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How we can become the best dad we can be whilst maintaining our mental health?

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Jimmy Hutton is a QCH Practitioner, practising in Wimbledon and online.

Jimmy has a particular interest in working with clients who are experiencing Anxiety or the need for escapism.

June 20th, 2022 is International Fathers’ Mental Health Day

How can we become the best dad we can be? – For me, this was a question that was running round and round in my head before my wife gave birth to our first son Mateo. So many questions fed by limiting beliefs – What if I’m no good at this, what if I don’t enjoy it? What’s going to happen to my old life?  

These (perfectly natural) questions can be the cause of a lot of anxiety for new dads because, let’s be honest, essentially, you have no idea what’s coming. 

They are also tricky questions to provide rational answers to because every child is different and requires or wants different levels of interaction. 

No two children are the same, and neither are the parents, so you can read as many parenting guides and self-help books as you like, but ultimately each parent and child are unique, and so you have to find the balance and discipline that is right for you and your partner. 

I am still a work in progress and probably always will be; however, that being said, I do believe there are some pointers that can help calm your nerves and aid you in this never-ending journey to becoming the best dad you can be. 

All you need is Love – When The Beatles wrote this line, I doubt they were explicitly referring to parenthood, but I’m applying it here, so let me explain why. It might sound corny, but hear me out. I promise you that if you pour your heart and soul into parenthood and show them nothing but love, they will reciprocate. And when they do, there is no better feeling in the world.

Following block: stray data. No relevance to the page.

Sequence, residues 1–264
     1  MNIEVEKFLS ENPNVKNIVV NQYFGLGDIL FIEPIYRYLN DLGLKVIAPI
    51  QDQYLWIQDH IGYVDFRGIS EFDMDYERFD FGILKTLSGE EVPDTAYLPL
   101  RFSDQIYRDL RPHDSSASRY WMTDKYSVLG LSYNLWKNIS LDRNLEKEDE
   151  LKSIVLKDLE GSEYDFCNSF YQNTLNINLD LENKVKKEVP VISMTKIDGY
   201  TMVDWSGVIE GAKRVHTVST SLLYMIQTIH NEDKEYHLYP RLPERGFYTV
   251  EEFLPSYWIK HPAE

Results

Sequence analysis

But more specifically, how can we do that? Well, lots of hugs, chats, and interactions throughout the day are a great start. But for me, the key thing here is to be present with them as much as possible. We live in an age with 100,000 distractions everywhere we turn, especially with our mobiles in our pockets 24/7. But if we can shut out all the distractions and show a genuine interest in what they are doing, the results are excellent. So put away your mobile and feed their curiosity.  

Patience – This is essential, and something therapy has helped me with no end. All stages of your child’s development require different patience levels – The spitting out food stage (my least favourite), the biting stage (also pretty annoying), and the tantrums of the terrible twos, to name but a few. There’s no doubt parenthood was designed to test us. But my top tip here is to turn it into a game. How zen can you be? Again corny, but trust me, it helps. When they throw that food in your face, don’t shout or make a fuss. Take a step back and take the emotion out of the situation, and if you feel yourself getting angry, ask yourself (as a wise man once taught us) what’s that about, and how can I use it? 

Be prepared for change, but not the end of life as you know it – You may potentially be worried that this is the end of your bachelorhood. But it doesn’t have to be that way. I’m very fortunate to have experienced the Latin way (my wife is Mexican) of bringing up children and let me tell you, I think they’re on to something. 

Yes, things change when you have children, but it doesn’t have to be the end of fun. I believe this is key to new dads’ mental health and potential anxiety. There seems to be a general belief or misconception that once you have children, that’s it. You’re out of the friendship group. 

However, this couldn’t be further from the truth. The Latin way is to take your children to things. So, my first tip here is not to hide your children away. On the contrary, be proud of them and integrate them into your friendship groups. Take them to that dinner party, go to the pub with them, whatever it is; you might be surprised at how even the most ‘anti-child’ of your friends swiftly come round to their charm. 

Secondly, work with your partner. Negotiate nights off. I’ve found that putting in the time and effort when you’re with your child reaps the rewards when you want a night out with the lads. And reciprocate that. Let your wife or partner do the same. That way, you build a system of trust and a warm feeling that life doesn’t have to change as much as you might have thought. 

And finally, don’t forget date night! This is perhaps one of the first things to slip, and yet one of the essential things to keep up.